WTI crude oil price CFDs opened this week’s trading with a $6.92 weekend gap following the breakdown of OPEC+ talks last week. The commodity’s spot price dropped even lower to $27.48.
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A meeting was called between the Organization of Petroleum Producing Countries (OPEC) and Russia (OPEC+) in Vienna on March 5 and 6. The goal was to come up with a solution for dropping crude oil price which was down by over 20% at the time. With the coronavirus outbreak causing disruptions in businesses and limitations on travel, demand for the commodity has been significantly lower.
However, negotiations turned sour. Russia did not agree to higher production cuts proposed by Saudi Arabia. It would have meant that the number of barrels of oil produced per day will be reduced by 1.5 million. In response, the world’s largest oil exporter declared an oil price war. Beginning next month, Saudi Arabia will boost oil production to over 10 million barrels per day. The country’s national petroleum and natural gas company, Saudi Aramco, also began offering discounts to customers in Asia, the US, and Europe. Instead of working with the cartel to collectively boost crude oil price, Saudi Arabia is now looking to make the most for itself by capturing a bigger market share.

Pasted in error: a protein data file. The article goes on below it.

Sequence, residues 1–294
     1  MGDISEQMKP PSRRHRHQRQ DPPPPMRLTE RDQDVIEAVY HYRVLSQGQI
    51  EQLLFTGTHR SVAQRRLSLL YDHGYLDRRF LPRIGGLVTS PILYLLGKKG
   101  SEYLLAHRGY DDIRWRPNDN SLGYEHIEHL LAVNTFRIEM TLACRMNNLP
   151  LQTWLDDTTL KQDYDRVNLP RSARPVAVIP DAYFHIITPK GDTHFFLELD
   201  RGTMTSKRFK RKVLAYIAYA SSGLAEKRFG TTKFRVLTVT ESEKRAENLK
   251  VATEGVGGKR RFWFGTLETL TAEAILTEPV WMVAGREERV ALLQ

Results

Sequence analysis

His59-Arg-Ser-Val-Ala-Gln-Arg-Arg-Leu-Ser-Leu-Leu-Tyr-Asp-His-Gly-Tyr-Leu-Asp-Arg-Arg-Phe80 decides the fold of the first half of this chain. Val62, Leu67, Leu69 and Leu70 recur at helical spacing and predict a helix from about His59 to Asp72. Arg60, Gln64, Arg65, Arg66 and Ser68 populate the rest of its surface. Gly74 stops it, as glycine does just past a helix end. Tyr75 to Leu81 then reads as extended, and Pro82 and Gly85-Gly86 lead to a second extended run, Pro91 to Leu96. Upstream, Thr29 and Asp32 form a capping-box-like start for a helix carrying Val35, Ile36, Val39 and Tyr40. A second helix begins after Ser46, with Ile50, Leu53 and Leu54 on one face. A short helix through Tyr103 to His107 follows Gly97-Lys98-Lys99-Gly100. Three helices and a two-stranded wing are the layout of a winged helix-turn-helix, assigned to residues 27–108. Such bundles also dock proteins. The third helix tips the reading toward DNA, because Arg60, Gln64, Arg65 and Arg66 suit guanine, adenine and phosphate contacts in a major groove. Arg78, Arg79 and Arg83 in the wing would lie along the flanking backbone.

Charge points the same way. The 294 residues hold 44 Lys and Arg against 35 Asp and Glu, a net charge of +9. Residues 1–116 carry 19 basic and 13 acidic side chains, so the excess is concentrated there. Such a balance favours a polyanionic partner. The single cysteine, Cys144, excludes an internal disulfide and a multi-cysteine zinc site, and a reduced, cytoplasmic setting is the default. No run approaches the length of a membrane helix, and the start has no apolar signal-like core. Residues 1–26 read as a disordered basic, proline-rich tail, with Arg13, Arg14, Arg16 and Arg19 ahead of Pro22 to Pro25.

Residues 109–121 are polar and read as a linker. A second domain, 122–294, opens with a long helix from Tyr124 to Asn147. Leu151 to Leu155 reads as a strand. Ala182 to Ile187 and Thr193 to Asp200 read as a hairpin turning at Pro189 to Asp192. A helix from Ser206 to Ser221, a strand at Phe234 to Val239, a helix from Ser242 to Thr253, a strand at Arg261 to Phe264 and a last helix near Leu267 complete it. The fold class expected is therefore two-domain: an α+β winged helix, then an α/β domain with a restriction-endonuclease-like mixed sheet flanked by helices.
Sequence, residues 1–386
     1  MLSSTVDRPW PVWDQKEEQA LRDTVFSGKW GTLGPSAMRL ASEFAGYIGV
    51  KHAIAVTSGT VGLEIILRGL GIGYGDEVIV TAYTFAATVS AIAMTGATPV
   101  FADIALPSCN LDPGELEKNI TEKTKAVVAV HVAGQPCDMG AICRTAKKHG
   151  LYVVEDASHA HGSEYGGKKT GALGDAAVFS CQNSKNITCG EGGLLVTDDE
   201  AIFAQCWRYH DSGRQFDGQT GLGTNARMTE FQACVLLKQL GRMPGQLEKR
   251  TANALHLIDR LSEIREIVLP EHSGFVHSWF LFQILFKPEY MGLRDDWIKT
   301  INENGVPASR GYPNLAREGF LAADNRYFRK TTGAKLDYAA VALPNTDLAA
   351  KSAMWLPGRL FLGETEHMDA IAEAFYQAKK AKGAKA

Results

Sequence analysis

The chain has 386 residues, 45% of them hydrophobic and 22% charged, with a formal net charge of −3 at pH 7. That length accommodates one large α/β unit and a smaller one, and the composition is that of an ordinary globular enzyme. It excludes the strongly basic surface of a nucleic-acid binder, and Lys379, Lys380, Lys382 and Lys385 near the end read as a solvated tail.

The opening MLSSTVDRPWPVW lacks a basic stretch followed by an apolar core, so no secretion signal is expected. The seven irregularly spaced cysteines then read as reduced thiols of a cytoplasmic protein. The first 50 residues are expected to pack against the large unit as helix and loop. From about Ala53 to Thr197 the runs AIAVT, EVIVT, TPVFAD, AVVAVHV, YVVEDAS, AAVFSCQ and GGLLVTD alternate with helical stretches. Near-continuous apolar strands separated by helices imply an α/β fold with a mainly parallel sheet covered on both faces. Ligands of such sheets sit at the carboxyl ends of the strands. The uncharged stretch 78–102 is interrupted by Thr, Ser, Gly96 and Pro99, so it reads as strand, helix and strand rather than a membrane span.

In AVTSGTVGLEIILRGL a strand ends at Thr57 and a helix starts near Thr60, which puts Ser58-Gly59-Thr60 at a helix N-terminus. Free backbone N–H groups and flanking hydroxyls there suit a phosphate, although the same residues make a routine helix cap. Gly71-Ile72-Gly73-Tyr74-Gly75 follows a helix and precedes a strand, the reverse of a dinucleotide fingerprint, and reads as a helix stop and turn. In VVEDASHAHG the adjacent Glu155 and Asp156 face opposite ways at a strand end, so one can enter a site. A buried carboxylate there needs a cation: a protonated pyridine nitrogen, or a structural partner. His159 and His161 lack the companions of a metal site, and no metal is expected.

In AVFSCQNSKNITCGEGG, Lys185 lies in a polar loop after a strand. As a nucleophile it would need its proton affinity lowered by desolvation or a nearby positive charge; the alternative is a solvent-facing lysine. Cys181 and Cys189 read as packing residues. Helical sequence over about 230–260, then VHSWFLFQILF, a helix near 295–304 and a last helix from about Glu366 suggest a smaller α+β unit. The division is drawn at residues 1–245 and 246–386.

WTI Crude Oil Price Outlook
As of this writing, WTI crude oil price CFDs is trading around $27.92. This is also the price level where it bottomed on January 2016. Signs of reversal could mean that crude oil price may soon recover its losses to its previous support at $44.30. A bullish run can be triggered by renewed talks between OPEC+ members. Another scenario would be for Saudi Arabia to announce more conservative production hikes.
On the other hand, if the supply of oil surges next month, we could see crude oil price fall to its 2002 lows at $23.13.
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